At City Steam Brewery Cafe, the owners concoct some of the area’s finest beers, scoring “best of” awards from Hartford magazine and Connecticut Magazine. They also brew potent batches of laughter inside their 200-seat comedy show-room theater. Ensconced in the historic Brown Thomson and Co. building, which was the state’s largest department store in 1877, Brew Ha Ha once was known as the Last Laugh Comedy Club, where fledgling unknowns such as Ray Romano and Kevin James vied for laughs in the smoky rathskeller of a restaurant.
Reborn in 1997 under a new moniker, the standup speakeasy keeps its calendar packed with nationally touring comics and local joke slingers. During shows, guests can toast with mugs of handcrafted beer and make edible sculptures of their favorite comedian using menu’s custom burgers, pizzas, and omelets.
Founded by certified beer judge Michael Bernier, DIY Brewing Supply equips and educates patrons in the arts of at-home fermentation procedures and food construction. Beginner's brewing classes steer students through four hours of crafting an extract beer and ingesting significant brewing concepts. Aspiring homebrewers learn to settle down yeast and barley for a midday nap in the mashtub, as well as how to perform simple troubleshooting should a batch end up tasting like lasagna. Winemaking classes help students study grapey elixirs on the journey from fermentation to sanitation to staining cashmere sweaters. Students can also round out their education with a mozzarella-making class and a one-hour coffee-roasting class, where they roast 1 pound of coffee.
After learning the tricks of the brewing trade, guests can stock up on the tools with DIY's extensive selection of wine and beer-making equipment. Homebrewers can create their own batches of booze with kegs, recipe lists, yeasts, and plenty of literature and books.
Voted the area's best place for tapas in 2012 by readers of the Valley Advocate, Ibiza Tapas Wine Bar swells with the aroma of Spanish small plates. The culinary team whips up traditional dishes such as fried spiced potatoes and spanish veal and pork meatballs alongside modern creations such as babyback ribs with fried potatoes and barbecue aioli and short ribs in caramelized garlic and oatmeal beer sauce. Their menu also includes paellas, fideuas, and gluten-free Catalan-style crème brûlée, which guests can wash down with beer, sangria, or a wealth of white and red wine from the dramatically lit stone bar. Orange and burgundy walls enliven Ibiza's lounge-like dining room, where patrons can enjoy dinner or parties of 40–80 guests or retired Zorro's can feast at private soirees.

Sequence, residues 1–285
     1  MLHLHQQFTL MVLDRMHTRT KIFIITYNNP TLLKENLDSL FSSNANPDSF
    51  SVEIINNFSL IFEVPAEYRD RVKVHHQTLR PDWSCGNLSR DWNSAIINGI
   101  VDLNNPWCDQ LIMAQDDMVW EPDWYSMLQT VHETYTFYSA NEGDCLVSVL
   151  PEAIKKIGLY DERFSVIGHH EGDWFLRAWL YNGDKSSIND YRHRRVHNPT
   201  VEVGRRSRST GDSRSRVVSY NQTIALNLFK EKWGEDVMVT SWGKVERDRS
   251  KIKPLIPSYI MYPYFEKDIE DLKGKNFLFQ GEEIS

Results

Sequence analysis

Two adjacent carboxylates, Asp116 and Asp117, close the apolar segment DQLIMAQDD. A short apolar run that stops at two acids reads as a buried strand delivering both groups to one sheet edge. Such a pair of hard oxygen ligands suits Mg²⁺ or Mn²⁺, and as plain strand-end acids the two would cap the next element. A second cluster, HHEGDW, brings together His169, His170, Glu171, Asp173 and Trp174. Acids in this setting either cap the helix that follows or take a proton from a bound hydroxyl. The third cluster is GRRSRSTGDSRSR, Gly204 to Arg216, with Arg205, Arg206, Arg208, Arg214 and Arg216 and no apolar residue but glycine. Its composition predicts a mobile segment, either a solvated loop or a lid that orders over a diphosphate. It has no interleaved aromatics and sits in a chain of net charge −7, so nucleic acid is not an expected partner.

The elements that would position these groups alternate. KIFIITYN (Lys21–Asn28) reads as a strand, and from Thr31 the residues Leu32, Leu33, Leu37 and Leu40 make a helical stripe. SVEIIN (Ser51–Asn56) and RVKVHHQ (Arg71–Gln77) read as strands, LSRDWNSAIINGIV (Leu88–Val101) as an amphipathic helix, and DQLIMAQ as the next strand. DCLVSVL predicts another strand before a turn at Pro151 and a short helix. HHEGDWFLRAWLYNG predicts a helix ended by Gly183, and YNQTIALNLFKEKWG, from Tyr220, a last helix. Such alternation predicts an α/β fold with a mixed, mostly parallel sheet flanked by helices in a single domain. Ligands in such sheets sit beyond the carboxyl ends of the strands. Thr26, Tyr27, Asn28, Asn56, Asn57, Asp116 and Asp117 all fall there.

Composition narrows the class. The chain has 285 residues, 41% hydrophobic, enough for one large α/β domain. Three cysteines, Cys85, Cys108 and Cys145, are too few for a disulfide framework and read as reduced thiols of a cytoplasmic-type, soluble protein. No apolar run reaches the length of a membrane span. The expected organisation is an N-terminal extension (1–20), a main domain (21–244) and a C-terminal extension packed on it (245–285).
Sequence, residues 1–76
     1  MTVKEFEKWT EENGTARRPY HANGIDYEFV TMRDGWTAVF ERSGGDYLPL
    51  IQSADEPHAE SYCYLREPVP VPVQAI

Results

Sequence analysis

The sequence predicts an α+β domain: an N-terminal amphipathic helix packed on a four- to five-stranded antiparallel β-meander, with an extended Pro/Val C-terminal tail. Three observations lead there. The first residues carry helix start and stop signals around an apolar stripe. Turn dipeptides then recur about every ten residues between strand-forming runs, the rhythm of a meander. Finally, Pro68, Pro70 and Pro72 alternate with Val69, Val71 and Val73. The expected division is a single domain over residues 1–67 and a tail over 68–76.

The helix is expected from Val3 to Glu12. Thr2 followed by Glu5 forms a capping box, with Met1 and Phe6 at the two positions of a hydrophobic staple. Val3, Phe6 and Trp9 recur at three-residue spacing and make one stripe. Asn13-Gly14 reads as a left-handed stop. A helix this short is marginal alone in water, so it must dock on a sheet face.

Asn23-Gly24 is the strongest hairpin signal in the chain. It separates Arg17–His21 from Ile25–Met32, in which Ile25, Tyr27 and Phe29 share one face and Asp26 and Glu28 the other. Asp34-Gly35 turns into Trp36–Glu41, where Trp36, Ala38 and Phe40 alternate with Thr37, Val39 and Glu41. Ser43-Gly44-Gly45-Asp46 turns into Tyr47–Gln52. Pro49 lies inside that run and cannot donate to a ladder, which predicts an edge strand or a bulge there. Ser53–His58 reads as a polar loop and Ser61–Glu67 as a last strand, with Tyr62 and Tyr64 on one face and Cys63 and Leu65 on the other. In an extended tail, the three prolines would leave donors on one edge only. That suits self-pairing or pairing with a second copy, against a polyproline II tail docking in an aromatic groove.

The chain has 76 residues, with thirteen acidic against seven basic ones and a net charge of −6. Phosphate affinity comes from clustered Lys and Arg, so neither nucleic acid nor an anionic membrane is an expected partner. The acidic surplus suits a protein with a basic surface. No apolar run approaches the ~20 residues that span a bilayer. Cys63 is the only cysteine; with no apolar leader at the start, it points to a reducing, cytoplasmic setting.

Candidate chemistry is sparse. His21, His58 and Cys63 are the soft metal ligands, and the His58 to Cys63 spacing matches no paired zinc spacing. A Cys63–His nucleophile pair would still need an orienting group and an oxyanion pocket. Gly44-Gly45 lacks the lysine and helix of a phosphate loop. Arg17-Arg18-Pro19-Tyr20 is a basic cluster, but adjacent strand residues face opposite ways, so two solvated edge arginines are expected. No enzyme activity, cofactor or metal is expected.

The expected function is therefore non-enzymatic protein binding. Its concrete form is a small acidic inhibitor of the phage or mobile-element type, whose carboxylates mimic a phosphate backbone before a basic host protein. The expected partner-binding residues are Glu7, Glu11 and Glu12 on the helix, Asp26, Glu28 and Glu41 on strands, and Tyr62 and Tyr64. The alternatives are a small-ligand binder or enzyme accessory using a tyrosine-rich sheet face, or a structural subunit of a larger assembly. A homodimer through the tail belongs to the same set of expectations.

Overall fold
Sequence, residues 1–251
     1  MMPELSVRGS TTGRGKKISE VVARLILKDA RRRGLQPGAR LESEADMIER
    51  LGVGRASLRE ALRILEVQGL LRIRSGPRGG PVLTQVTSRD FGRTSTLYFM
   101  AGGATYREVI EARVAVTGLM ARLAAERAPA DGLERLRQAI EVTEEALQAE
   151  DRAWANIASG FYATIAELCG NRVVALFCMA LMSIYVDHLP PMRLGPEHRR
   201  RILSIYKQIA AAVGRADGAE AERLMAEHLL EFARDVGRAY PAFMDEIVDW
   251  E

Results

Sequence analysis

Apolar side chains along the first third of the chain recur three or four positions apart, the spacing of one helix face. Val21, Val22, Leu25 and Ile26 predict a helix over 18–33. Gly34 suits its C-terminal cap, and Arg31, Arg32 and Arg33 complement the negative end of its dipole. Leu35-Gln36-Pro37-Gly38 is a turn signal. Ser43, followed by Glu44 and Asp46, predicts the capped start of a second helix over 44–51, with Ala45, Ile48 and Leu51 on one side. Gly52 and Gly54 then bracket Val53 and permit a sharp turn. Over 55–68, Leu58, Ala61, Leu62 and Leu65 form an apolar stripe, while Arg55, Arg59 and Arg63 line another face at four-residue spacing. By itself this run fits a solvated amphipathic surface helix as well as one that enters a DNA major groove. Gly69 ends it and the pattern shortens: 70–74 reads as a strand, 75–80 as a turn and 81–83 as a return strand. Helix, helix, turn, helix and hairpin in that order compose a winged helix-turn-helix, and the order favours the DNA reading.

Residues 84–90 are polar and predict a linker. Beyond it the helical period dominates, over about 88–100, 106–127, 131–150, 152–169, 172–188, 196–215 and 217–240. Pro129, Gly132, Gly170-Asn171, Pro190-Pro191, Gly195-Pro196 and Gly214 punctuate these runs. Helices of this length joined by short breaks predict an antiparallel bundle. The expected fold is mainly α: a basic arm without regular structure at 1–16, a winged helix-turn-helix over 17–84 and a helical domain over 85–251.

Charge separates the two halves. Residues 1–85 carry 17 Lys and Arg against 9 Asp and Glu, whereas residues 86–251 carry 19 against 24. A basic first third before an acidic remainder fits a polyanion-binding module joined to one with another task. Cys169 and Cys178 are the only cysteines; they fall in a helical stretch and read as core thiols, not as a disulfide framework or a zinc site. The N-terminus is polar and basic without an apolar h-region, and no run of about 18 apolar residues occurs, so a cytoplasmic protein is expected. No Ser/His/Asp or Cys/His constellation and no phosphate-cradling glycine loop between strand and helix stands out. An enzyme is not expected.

A fountain's mists drift over a cool, quiet water outside the windows of Vito's By the Water, where chefs have been cooking up traditional Italian food for many years. Following recipes that have been in the owner's family for years, they craft traditional entrees such as New York strip steak with demi-glace or lobster ravioli with vodka-cream sauce. They also adorn thin and Chicago-style deep-dish stuffed crusts with quality toppings such as baby clams, breaded eggplant, and seasoned ricotta.
Vito’s has also sponsored a “So You Think You Can Cook” competition, handing the kitchen over to nine aspiring chefs for a three-day cook-off. Like many timed cooking competitions, this one required the chefs to create a dish using a mystery ingredient, such as bacon or love. The winner received a farm-to-table dinner for 10.
Ranked 73rd best brewer in the world by RateBeer and 15th out of the top 50 American Microbreweries by BeerAdvocate, Thomas Hooker Brewery has earned its share of accolades. The brewery’s staff has been forging consistent, small-batch brews for more than a decade. Today, they produce 11 one-of-a-kind beers, with year-round flavors such as the Hop Meadow IPA, or the Irish Red Ale. Their seasonal flavors, meanwhile, include the Chocolate Truffle Stout and the Watermelon Ale, whose fruity notes make it ideal for summer drinking or as the proper liquid with which to hydrate a fruit garden. The team leads a tour and tasting on Saturday afternoons, and their gift shop is fully stocked with paraphernalia and growlers of their popular brews.
Dotcom Wine & Spirits, winner of the 2010 Best of Hartford award, is fully stocked with bottle buddies for all shapes, sizes, and species of wine. Its staff of expert sommeliers helps weaves wine wayfarers through the extensive collection of oenophilic ornaments. Grape-stompers can tiptoe through the glassware selection, which includes the Stolzle Burgundy receptacles ($9.99) and the Riedel Vinum Bordeaux two-pack ($69.99). Remove sediment from older wines with a Ravenscroft Omega decanter ($59.99), or pick up a six-bottle wood wine box to ensure that your wines will never feel lonely at night again ($39.99). Pop open a bottle's gob with Dotcom's Gattorna corkscrew ($50) and reward well-behaved blends with a slide down the aerating funnel ($19.99). Ample outdoor parking means that grape enthusiasts can amble through Dotcom's warmly-lit, wood-paneled aisles to remind the more than 5,000 wines on the shelves to play nicely with their accessories.